According to Public Policy Polling, 29 percent of likely voters in the district thought gay marriage was "very important" in deciding who to vote for. Smith says the issue likely made a difference on the margins.
When Democrats back entitlement cuts, it's hard to use them as a wedge

Weprin tried to use the playbook used by Democrats in this spring's special election in upstate New York, in which Kathy Hochul won in a traditionally Republican district by tying her opponent to House Republicans' budget plan that called for turning Medicare into a voucher program. But the issue didn't really stick. Slate's Dave Weigel explains that Turner's campaign was able to fight back against attacks that he'd cut Medicare and Social Security -- and Democratic state assemblyman Dov Hikind didn't help make his party's case when he said the White House was trying to cut those programs, too. Weigel continues:

That's not really a wedge issue -- it's the slow death of a wedge issue. It's the start of a problem for Democrats, who have gone from attacking the Ryan plans for entitlement reform to vouching support for some undefined "everything on the table" entitlement reform. There might not be any way for Democrats to dodge this, and there's no sign that they want to.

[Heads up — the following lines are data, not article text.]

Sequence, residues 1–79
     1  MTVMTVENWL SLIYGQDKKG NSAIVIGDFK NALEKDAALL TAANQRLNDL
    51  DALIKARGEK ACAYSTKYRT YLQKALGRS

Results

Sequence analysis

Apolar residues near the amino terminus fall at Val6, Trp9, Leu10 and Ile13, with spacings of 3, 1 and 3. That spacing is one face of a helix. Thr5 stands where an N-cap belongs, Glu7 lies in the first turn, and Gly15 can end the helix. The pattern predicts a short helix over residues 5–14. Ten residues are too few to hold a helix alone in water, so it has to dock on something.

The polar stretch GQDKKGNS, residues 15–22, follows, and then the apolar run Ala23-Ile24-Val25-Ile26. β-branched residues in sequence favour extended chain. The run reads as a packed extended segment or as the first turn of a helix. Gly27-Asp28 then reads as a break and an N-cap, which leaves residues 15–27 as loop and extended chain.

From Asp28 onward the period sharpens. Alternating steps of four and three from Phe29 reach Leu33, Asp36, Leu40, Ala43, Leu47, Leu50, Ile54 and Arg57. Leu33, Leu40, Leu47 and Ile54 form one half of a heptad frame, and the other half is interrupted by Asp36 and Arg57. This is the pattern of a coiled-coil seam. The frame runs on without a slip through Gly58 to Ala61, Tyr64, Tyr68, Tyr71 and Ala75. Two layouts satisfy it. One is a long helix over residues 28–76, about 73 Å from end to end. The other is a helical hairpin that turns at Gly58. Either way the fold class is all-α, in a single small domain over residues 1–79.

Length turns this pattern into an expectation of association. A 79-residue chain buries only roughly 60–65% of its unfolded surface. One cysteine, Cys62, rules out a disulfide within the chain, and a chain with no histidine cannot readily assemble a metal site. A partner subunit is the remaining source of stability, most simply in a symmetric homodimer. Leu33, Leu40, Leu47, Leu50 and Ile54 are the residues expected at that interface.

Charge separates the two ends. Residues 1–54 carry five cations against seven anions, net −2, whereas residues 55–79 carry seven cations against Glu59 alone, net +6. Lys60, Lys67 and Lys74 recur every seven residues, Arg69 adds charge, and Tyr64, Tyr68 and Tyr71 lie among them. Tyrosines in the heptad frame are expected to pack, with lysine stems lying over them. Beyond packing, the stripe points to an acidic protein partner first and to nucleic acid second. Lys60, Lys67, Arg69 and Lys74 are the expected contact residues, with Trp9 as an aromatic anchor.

Whatever the explanation, The New York Times' Nate Silver reports that last night's numbers--combined with a more-expected Republican victory in Nevada--are a bad omen for Democrats.

One crude way to forecast the results you might expect to see out of a House race is through its Partisan Voting Index, or P.V.I., a measure of how the district voted relative to others in the past two presidential elections.
The Nevada Second, for instance, has a P.V.I. of Republican plus-5, meaning that the Republican candidate would be expected to perform 5 points better there than a Republican might nationally. Since a vote for the Republican is (usually) a vote against the Democrat, you need to double that number to project the margin of victory. In this case, that would imply a Republican win by 10 points given average candidates and a neutral overall political environment.
The Republican Mark Amodei, however, leads by 22 points as of this writing, an easy victory, meaning that he overperformed the P.V.I. by 12 points.
Meanwhile, Mr. Turner's winning margin in the New York district, 8 percentage points as of this writing, represents a 18-point G.O.P. swing from the P.V.I.-projected results.
In Hochul's upstate New York victory, her win was a 17-point swing for Democrats. But even if you add that, and a Democratic win in California in July, to recent special election results, Republicans are still overperforming by an average of 7 points, Silver says. Last fall, Republicans won back a majority in the House of Representatives by an average of a 7 point lead in the popular vote.